How do you make the mandalas?
The simplest way to explain my process is to say that I cut the plastic bags and then tape the pieces together. The cutting can get very sophisticated. I use many quilt making tools such as rotary cutters, shaped cutting templates, and circle cutters. I also use a beam compass for drawing large circles, various Exacto knives and a reducing glass (the opposite of a magnifying glass) for viewing and assessing the large highly patterned mandalas while they are in progress.
How long does it take to make a mandala?
It could take as little as 2 weeks but sometimes it takes 2 months depending on the complexity. I usually have 3 or 4 mandalas under construction at once. This way when I get to a stopping point with one piece I can just move on to another. I like to keep working.
How does the plastic bag fit into the sacredness of the mandala?
A mandala is not sacred per se. The mandala is a universal, non-religious tool for meditation, typically composed of highly decorative, symmetrical patterns. That said, mandalas do show up in about every religion or spiritual practice. The carefully chosen symbols and imagery of a traditional mandala imbue it with meaningfulness for the person meditating. Traditional meditation begins on the outer edges of the mandala with slow contemplation of the imagery that then progresses toward the center of the mandala where enlightenment could eventually be attained.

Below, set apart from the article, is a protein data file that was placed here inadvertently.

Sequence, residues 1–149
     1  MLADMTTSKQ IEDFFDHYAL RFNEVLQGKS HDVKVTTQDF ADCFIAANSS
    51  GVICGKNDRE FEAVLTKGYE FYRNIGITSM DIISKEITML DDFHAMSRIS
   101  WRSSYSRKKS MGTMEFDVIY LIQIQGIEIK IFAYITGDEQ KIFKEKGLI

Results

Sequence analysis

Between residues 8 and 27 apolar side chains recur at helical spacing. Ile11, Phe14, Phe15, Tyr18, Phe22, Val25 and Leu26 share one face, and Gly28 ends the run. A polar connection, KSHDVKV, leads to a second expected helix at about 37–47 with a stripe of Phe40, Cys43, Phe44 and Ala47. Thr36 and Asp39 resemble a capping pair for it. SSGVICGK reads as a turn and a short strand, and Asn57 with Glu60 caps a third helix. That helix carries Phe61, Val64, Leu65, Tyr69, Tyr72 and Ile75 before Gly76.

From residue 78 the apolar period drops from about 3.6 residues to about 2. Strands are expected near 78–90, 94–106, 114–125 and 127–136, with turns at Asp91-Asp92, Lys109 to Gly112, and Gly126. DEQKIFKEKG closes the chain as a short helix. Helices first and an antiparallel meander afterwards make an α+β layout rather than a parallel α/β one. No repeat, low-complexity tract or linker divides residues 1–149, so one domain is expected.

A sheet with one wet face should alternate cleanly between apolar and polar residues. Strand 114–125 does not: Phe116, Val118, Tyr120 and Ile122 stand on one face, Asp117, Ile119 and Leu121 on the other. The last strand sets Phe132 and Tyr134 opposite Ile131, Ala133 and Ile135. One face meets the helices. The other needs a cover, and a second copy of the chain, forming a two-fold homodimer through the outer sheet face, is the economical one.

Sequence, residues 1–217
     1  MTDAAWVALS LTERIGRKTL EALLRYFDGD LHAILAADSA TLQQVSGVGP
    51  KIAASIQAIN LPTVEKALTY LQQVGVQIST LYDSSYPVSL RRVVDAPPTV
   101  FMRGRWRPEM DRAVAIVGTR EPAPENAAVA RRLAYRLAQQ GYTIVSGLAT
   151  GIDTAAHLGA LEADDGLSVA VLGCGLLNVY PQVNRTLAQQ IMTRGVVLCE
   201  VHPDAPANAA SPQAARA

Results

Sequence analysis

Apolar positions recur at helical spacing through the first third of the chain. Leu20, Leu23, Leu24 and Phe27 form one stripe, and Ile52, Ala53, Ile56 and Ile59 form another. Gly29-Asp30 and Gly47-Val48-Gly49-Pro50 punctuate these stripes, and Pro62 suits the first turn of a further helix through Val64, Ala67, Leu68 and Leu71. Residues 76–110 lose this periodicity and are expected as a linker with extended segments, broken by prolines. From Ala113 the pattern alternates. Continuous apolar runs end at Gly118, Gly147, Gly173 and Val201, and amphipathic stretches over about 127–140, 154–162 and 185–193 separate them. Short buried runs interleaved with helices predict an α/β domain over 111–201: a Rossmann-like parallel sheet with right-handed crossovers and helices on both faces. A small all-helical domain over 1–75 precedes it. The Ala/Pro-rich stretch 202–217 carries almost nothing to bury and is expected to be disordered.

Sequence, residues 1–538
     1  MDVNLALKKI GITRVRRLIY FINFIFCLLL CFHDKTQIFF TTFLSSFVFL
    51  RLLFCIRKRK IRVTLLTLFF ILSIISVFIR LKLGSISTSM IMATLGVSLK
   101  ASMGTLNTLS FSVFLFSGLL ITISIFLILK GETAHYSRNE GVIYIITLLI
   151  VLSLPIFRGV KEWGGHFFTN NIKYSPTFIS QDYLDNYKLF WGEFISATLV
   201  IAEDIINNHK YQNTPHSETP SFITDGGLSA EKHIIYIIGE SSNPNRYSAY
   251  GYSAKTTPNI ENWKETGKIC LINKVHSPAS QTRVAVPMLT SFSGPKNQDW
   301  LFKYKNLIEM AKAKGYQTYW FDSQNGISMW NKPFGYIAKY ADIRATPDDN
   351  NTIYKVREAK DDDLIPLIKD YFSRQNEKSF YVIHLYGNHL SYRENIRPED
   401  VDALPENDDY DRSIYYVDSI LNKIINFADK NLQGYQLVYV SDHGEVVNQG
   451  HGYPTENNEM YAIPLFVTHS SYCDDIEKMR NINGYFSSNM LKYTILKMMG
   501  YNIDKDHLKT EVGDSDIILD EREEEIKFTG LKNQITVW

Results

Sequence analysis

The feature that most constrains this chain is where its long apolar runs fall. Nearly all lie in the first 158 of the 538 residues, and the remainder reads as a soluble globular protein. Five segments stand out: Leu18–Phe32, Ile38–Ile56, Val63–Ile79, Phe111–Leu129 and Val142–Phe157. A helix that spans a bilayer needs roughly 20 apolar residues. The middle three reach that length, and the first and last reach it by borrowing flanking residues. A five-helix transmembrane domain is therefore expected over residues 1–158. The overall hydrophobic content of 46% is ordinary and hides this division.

My meditation mandalas are made with plastic bag imagery, designed by advertisers to cause instant association with worldly acquisitions, so in my work I am looking at consumerism through the lens of a spiritual encounter.
Where do you find the plastic bags?